‘I mbrat an bhrollaigh ghil-se’;

Fearchar Ó Maoil Chiaráin (fl. before 1500);

published in O’Rahilly 1926: poem 14.

A famous dán grádha (courtly love poem) probably composed in Ireland, where this young Scottish poet was killed.

‘Tugadh oirne easbhaidh mhór’;

Ó Maoil Chiaráin (fl. before 1500);

published in Breatnach 1943: 165–85.

A celebrated lament for Fearchar composed by his father.

‘A theachtaire théid i gcéin go talamh Mhic Leóid’;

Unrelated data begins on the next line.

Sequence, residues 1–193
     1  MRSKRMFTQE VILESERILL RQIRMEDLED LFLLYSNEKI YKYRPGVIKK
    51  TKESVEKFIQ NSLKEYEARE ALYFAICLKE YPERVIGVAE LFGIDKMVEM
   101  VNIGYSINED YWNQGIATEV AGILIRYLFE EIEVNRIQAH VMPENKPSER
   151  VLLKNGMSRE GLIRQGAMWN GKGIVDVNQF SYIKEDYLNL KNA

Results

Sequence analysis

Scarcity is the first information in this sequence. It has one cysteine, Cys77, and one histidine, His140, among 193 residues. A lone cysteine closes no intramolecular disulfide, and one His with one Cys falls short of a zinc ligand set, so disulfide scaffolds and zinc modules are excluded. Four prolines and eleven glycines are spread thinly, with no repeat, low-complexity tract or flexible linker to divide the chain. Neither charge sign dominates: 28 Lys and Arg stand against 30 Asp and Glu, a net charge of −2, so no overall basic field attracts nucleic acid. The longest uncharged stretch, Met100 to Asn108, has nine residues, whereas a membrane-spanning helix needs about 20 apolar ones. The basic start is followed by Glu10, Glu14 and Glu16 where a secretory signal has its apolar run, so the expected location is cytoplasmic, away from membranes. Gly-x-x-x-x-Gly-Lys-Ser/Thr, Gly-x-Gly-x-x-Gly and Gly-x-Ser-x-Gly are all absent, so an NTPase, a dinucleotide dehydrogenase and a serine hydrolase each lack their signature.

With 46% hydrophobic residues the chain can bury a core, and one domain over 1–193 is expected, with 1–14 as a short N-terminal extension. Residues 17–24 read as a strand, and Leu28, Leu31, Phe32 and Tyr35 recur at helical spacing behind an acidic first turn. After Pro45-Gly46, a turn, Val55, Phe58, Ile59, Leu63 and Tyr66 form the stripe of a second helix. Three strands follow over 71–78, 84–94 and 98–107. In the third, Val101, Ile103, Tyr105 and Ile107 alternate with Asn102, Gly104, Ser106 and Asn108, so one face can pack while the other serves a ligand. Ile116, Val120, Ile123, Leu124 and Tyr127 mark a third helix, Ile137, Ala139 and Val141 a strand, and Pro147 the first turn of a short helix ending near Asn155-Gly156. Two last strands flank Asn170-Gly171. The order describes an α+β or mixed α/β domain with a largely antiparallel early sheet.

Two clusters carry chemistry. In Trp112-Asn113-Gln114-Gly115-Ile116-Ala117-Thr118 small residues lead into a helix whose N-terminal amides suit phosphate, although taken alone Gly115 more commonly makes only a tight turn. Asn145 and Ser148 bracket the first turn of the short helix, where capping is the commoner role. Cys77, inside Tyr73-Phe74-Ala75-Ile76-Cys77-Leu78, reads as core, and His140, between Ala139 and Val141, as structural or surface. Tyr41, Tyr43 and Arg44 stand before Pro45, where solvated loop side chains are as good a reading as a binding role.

Toirdhealbhach Óg Ó Mítháin (c.1650(?));

unpublished; TCD MS 1375 (H.5.3), 4, 22; RIA MS F v 3, 208; Maynooth MS MF 9, 60; British Library Egerton MS 207 f. 27 b; also preserved, in fragmentary, four-stanza form, in RIA MS 24 M 11, 41, and ascribed to ‘Ailís Ní Néill’.

Notes:

(1) I am grateful to Cathair Ó Dochartaigh for giving me a copy of the notes accompanying the poem in the forthcoming supplemented edition of Trí Rainn is Amhrán.